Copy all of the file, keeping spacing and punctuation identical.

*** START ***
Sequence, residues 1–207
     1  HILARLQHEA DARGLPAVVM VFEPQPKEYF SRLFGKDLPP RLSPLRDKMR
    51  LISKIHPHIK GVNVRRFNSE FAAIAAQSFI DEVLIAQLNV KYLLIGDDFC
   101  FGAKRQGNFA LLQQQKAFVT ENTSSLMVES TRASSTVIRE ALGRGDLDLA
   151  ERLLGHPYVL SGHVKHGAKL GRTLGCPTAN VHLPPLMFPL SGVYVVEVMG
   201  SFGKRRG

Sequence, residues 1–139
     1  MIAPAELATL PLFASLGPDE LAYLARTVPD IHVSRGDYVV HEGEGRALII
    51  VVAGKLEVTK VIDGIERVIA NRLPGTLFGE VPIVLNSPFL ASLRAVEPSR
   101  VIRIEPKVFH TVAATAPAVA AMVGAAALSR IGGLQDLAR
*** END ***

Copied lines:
Sequence, residues 1–207
     1  HILARLQHEA DARGLPAVVM VFEPQPKEYF SRLFGKDLPP RLSPLRDKMR
    51  LISKIHPHIK GVNVRRFNSE FAAIAAQSFI DEVLIAQLNV KYLLIGDDFC
   101  FGAKRQGNFA LLQQQKAFVT ENTSSLMVES TRASSTVIRE ALGRGDLDLA
   151  ERLLGHPYVL SGHVKHGAKL GRTLGCPTAN VHLPPLMFPL SGVYVVEVMG
   201  SFGKRRG

Sequence, residues 1–139
     1  MIAPAELATL PLFASLGPDE LAYLARTVPD IHVSRGDYVV HEGEGRALII
    51  VVAGKLEVTK VIDGIERVIA NRLPGTLFGE VPIVLNSPFL ASLRAVEPSR
   101  VIRIEPKVFH TVAATAPAVA AMVGAAALSR IGGLQDLAR